Op-Ed: We should pay farmers to save the Great Salt Lake

This year’s better-than-normal snowpack hasn’t just been a boon for skiers, it’s a potential moment of reprieve for the drying Great Salt Lake. If we institute policies that usher more water to the lake, our snowpack this year should mean that more water will make it there in the spring runoff.

Unfortunately, one good year is not enough. A recent report from 32 water experts says we need to get 1 million more acre-feet of water to the lake every year for the next 15-20 years in order to restore it to a healthy condition. That’s enough water to cover Salt Lake County in two feet of water every year.

The target to get 1 million more acre-feet into the lake is set by physics — based on how temperature, humidity and wind speed affect evaporation. It’s physics, not politics, that decides the lake levels. Whether it is politically expedient or not, our policies should be guided by the basic fact that we need to raise the level of the lake. Is the Utah Legislature getting us on the right side of physics?

Conserving water is currently the only viable way to reach that goal.

The Legislature has already taken steps to reduce water use — requiring secondary metering and allowing farmers to leave water in-stream without jeopardizing their future water rights. New bills would create efficient landscaping incentives and update reporting requirements, but all these efforts still don’t get us close to the 1 million target.

Utah’s best option for conserving the necessary 1 million acre-feet is to use water markets. Water markets allow farmers to temporarily sell or lease some of their water to another user. In the current system, if a farmer only needs to use 80% of their allocated water, they don’t have any easy way to give the excess to someone else. The process to transfer a water right takes months to complete. But a water market would make it easier to move water to where it is needed, without requiring a farmer to give up access to water they may need next year.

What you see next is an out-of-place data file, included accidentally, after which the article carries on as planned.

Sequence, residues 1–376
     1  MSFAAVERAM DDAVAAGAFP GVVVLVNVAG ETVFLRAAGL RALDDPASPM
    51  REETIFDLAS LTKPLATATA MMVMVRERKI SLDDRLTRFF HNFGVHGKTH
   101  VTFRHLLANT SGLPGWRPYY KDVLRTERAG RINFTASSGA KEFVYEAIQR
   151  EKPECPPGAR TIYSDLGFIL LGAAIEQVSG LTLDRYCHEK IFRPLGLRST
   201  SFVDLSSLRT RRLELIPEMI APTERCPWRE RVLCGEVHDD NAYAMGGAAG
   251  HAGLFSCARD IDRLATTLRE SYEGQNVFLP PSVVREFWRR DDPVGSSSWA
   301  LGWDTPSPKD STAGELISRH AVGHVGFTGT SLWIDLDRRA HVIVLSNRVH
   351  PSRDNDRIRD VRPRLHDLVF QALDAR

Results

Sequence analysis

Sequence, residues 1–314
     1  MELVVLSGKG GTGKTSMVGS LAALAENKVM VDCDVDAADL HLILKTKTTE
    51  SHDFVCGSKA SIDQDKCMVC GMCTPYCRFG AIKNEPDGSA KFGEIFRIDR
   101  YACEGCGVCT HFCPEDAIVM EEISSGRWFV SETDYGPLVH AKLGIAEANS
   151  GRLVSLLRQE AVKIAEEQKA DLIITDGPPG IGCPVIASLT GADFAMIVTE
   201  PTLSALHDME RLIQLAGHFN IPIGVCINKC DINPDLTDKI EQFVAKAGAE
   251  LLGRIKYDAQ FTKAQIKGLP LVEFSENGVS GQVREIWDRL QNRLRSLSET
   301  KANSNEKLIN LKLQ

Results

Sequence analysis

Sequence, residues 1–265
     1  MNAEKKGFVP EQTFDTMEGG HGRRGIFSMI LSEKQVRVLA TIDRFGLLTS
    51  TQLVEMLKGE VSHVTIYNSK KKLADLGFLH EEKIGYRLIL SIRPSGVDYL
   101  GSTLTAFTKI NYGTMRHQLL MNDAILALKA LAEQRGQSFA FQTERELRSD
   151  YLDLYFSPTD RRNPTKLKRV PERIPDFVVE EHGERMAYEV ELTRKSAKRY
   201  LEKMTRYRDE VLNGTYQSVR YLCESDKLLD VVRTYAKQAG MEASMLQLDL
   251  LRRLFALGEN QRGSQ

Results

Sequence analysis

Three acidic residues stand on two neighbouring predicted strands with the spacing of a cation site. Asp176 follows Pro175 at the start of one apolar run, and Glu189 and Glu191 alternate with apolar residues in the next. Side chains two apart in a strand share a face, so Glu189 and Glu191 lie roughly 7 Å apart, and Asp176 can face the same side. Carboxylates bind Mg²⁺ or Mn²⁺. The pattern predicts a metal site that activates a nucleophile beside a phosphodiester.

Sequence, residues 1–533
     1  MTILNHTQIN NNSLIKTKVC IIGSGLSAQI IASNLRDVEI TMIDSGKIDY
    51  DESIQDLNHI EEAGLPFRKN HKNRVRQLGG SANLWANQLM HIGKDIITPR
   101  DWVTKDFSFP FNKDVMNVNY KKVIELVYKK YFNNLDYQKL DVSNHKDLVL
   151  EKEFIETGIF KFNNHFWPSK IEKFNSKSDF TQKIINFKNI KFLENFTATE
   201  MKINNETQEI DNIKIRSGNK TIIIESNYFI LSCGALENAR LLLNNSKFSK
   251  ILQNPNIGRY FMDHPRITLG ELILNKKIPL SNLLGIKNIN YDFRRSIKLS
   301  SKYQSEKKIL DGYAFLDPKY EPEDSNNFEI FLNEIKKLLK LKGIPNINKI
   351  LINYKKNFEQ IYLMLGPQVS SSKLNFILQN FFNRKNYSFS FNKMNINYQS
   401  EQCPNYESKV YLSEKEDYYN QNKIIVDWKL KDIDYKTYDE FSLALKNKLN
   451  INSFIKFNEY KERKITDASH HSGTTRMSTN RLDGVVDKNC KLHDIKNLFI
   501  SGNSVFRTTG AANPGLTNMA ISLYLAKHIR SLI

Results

As 75% of water in the Great Salt Lake watershed and roughly 85% of water in Utah is used for agricultural purposes, providing a direct incentive for agricultural users to conserve will have the greatest impact. Allowing in-stream flows protects farmers from being punished for conserving water, but there is still no positive incentive to conserve. We should make it attractive to farmers to conserve water.

Water markets provide a permanent but flexible solution. They use basic economic principles to incentivize conservation by allowing farmers to profit from leaving water in the river. Markets also give municipalities and conservation groups access to water that was previously unavailable. If conservation groups can offer to purchase water from farmers, farmers may choose to use less water for irrigation because they would make more money conserving it instead.

Other states have seen success with water markets. In fact, Utah already has a few pilot projects exploring how they could work here. Investing in and expanding these pilot programs is the best way to tackle the tricky problem of agricultural water use. Leasing or selling water allows farmers to profit from conservation, benefiting everyone in the process.

One other challenge legislators face is finding a way to ensure that water left in-stream will actually make it to the lake. Currently, there is no guarantee that conserved water won’t be used by someone further downstream, and lawmakers have steered clear of setting real targets for water flow or elevation in the Great Salt Lake.

Despite their reluctance, the target is clear — getting a lot more water to the lake each year is the only way to avoid catastrophe for northern Utah’s economy, environment, and quality of life.

Outdated water policies got us into this mess, but by acting boldly we can leave the next generation in a position to be leaders in conservation and water management. We owe it to future Utahns to act today.

CGO scholars and fellows frequently comment on a variety of topics for the popular press. The views expressed therein are those of the authors and do not necessarily reflect the views of the Center for Growth and Opportunity or the views of Utah State University.